Column: Expansion of Medicaid in Alabama


Christine Shelton

In the wake of a global pandemic, people who are not medically insured are at an extreme disadvantage. Honestly, the sensible thing to do would be to expand Medicaid in the state of Alabama because there are too many people who cannot afford to get tested for COVID-19, let alone be admitted if they contract it. With the new strain that has not been fully researched, healthcare coverage is more prominent than ever.

According to the Health Insurance Guide, several people fall in the “gray area” when it comes to affording proper healthcare. Those who fall into this gray area earn too much to utilize Medicaid, but earn too little to be eligible for the Affordable Cares Act. The Medicaid Planning Assistance Organization notes that Alabama’s income limit for regular Medicaid is $814 a month, which is not much considering the cost of living in Alabama is less than the United States’ average cost of living. 

The misconception is that people who make more than $814 are still financially capable of paying for their medical bills and in reality, that is not always the case. Although they meet the financial requirement, some may be susceptible to poverty. People in this gray area may make just enough to pay their bills and feed their families, but if a medical emergency were to happen, their lack of insurance would surely hurt them. If Alabama expands its Medicaid requirements, they are likely to help nearly 300,000 Alabamians. 

“Estimates vary, but 235,000 to 324,000 people in Alabama would gain access to Medicaid if the state were to accept federal funding to expand the program. The federal government pays 90 percent of the cost of Medicaid expansion, and states pay the other 10 percent,” said Louis Norris, writer for the Health Insurance Guide.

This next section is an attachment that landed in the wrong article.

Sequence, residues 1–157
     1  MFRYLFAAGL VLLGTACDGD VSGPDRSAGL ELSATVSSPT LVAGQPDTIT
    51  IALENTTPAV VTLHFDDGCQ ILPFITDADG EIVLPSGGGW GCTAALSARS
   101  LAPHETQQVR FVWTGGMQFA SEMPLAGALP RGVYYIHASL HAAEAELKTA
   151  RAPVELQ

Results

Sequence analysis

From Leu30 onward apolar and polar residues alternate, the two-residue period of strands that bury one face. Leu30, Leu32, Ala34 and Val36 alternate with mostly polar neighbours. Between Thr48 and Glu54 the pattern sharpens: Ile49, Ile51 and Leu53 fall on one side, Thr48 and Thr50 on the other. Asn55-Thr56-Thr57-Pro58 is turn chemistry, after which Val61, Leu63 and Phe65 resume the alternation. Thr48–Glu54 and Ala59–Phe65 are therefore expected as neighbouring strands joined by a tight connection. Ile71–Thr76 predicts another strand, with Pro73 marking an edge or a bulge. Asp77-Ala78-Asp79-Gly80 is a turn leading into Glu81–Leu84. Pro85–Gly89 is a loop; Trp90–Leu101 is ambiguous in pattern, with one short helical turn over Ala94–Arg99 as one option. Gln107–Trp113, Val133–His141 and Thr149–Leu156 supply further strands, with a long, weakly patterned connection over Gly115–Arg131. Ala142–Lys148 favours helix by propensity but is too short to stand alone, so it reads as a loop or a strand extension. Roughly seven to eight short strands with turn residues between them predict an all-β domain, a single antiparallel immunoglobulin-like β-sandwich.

In reality, the expansion of Medicaid starts with the political figures in Alabama and whether they have the best interests of their people at heart. Meanwhile, the state of Alabama is struggling to help uninsured citizens, and the political leaders are claiming that Medicaid expansion is not possible, which unfortunately is putting the majority of their most vulnerable residents (senior citizens) at risk. Alabama Gov. Kay Ivey has made her stance on expanding hospitals in Alabama clear; she does not see the point in expanding it when it is not necessarily financially responsible. 

“It would be irresponsible to think about expanding Medicaid just for the sake of expanding Medicaid without having a complete and honest discussion about the source of stable funding to pay the match,” Alabama Gov. Kay Ivey said.

While Gov. Ivey makes a great point about Alabama possibly going into debt if they expand Medicaid, she views expanding Medicaid as expanding it “just because,” as if the growing, fatal pandemic is not a good enough reason. Gov. Ivey should, at the very least, consider the thousands of people who will be at a health disadvantage when she refuses to expand. 

Unfortunately, there are adults in Alabama who do not have health coverage. Not to mention, some people have preexisting or underlying conditions, making them the most vulnerable when it comes to COVID-19. Even with the addition of the stimulus money, which is supposed to ultimately help residents in place of their livelihood, it is not nearly enough to cover medical expenses.

Alabama’s Arise is an organization that wants to help aid in this fight as they, too, believe Medicaid expansion in Alabama is necessary, especially during a time like this. One thing this country has failed to do, on several occasions, is provide for low-income Americans. Needless to say, COVID-19 is still infecting thousands of Americans, and now that there is another strain of this virus in the air, everyone must have access to health care.

It has almost been a year since COVID-19 hit America. We still do not know much about this virus, nor if the precautions used are preventing us from contracting it. While we all need to take the necessary precautions to protect ourselves, anything can happen. So, it is only right that we are all afforded good healthcare coverage. Medicaid expansion will more than likely strengthen Alabama’s health care system, and this will help the Americans who fall into the coverage gap immensely.